Mad Anthony wraps song-a-week project

The Cincinnati Rock band's monumental endeavor to release a new song every week for an entire year finished up Feb. 24 with the release of the fittingly titled 'It Never Ends.'

click to enlarge Mad Anthony - Photo: Jesse Fox
Photo: Jesse Fox
Mad Anthony
click to enlarge Mad Anthony - Photo: Jesse Fox
Photo: Jesse Fox
Mad Anthony
It’s amazing what a difference a year can make. Instead of piles of snaking cables, Ringo Jones’ living room now has a sensible couch and walls lined with framed show posters. The dining room is no longer the practice space for Cincinnati Rock band Mad Anthony, as it was when the group was interviewed for a CityBeat cover story around this time last year; now it’s home to an honest-to-goodness dining room table. And instead of crowding around a kitchen table, taking shots of Jameson and discussing the beginning of their ambitious Mad Anthology project, wherein Jones (guitar/vocals), Adam Flaig (guitar) and Marc Sherlock (drums) set out to release a new song every week for an entire year, the trio is sitting on the aforementioned couch, sipping on water and talking about the success of a project that, by all accounts, should’ve been impossible. The series wrapped on Feb. 24 with the release of the final new song, fittingly titled “It Never Ends.”

To the surprise of no one who’s familiar with Mad Anthony’s work ethic, the trio isn’t taking any time off. While the writing and recording is over for a while, there’s still plenty more to be done: namely preparing for their first batch of post-anthology live shows.

“It feels like we’re kind of shaking the rust off a little bit,” Flaig says.

“I’m relieved because rehearsing is way easier than writing and recording,” Jones says. “That’s part of the thing about this band is that it never really stops. It’s like, ‘Alright, we did that, we accomplished something and it was amazing,’ but we haven’t really sat down together since the end and said, ‘Hey, good job! High fives all around!’ More than anything, I’m like, ‘Alright, the pressure’s off; no song this week.’ But at the same time, the pressure’s on, because we have the live dates coming up and we want to make them special. We want to come out guns blazing.”

The live shows, with Mad Anthology songs mixed in with old favorites in the set, are just one aspect of the post-project reality. Another is preparing a physical release for the 52 new anthology tracks, which more than doubles the band’s previous recorded output. While still hammering out details, the initial plans are to release a batch of 22 songs spread across two volumes, but there’s an abundance of options and possibilities available to the guys. They’re taking their time and enjoying the freedom the project helped instill in them. (A six-song download from the project is available through Noisetrade here.)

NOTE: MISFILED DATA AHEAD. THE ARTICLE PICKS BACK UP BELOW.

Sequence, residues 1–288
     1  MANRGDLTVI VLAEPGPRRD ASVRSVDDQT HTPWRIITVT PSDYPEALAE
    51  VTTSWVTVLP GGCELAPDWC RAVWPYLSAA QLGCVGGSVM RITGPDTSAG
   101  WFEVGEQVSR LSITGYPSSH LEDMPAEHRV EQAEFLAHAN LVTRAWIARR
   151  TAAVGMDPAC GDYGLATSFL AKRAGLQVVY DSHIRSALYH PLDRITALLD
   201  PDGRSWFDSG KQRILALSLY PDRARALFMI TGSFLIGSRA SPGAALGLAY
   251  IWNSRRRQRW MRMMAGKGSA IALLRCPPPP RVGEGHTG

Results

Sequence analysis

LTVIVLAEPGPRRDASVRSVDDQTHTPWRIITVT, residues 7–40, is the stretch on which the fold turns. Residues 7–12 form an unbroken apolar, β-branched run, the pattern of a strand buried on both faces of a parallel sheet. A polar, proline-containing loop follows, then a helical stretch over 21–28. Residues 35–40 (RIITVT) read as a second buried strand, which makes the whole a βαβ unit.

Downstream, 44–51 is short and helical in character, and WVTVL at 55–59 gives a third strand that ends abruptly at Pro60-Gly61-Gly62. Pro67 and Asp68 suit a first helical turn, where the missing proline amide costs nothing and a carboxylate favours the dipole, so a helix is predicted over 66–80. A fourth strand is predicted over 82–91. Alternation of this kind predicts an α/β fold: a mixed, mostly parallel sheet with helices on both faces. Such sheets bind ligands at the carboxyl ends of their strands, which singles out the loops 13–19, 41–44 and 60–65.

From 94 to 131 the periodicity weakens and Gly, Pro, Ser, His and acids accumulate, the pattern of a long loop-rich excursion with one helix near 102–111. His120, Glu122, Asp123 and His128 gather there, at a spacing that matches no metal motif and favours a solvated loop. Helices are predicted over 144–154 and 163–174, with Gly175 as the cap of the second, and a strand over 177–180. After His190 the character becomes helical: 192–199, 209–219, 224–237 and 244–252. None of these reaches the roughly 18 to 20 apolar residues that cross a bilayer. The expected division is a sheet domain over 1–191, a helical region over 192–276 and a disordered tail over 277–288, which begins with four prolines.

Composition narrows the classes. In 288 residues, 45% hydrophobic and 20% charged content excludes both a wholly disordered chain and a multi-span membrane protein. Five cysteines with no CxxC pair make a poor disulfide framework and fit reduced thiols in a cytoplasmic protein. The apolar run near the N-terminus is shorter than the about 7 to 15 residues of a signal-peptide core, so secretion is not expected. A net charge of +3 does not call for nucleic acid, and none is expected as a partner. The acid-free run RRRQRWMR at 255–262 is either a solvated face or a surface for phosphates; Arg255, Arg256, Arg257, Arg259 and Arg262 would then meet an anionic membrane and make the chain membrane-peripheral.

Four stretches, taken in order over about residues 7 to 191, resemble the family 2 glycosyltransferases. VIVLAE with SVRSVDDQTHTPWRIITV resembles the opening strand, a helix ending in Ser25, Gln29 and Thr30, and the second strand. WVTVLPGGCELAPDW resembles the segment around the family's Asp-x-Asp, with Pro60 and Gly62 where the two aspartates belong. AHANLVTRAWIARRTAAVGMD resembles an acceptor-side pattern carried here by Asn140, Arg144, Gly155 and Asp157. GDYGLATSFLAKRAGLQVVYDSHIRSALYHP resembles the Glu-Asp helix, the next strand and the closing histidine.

“We’ve got no strings, ever, and we can see where that takes us,” Jones says. 

“We don’t have anyone telling us no,” Flaig adds.

Mad Anthony’s monumental accomplishment is impressive enough at face value. But when you factor in the band’s desire to involve dozens of special guests to contribute on all aspects of many of their songs, it’s easy to see how this project could’ve run into any number of roadblocks. Musicians aren’t always known for their abilities to share or work on a strict deadline, but the Mad Anthology collaborations were a complete success. Sherlock was especially excited to meet and work with so many outside artists and grow his skills through the experience.

“I thought it was awesome,” he says. “I didn’t know probably about half of the people; I met them when they came in to sing, so that was a ride for me — you had no idea what to expect. I got to meet a lot of people and we got to write a lot of cool songs that I normally wouldn’t see myself getting fired up about, and that’s pretty exciting.”

A major reason the band wanted to focus on collaborations was to connect their fans with artists they considered friends, as well as reach out to fans of their collaborators. It ended up working out beyond expectations.

“The people who were once casual fans before are now super fans,” Jones says. “And our super fans before are now, like, in the band. We were going for width and we got depth, and that’s actually better. I’d rather have 100 super fans who I know their first name and I see them at a bar and we can actually talk about things than 1,000 casual fans.”

Mad Anthony’s next local show is a freebie at Northside Tavern (4163 Hamilton Ave., Northside, northsidetav.com) on March 31. All 52 Mad Anthology songs can be streamed at madanthony.bandcamp.com (click below).

CONTACT NICK GREVER: [email protected]

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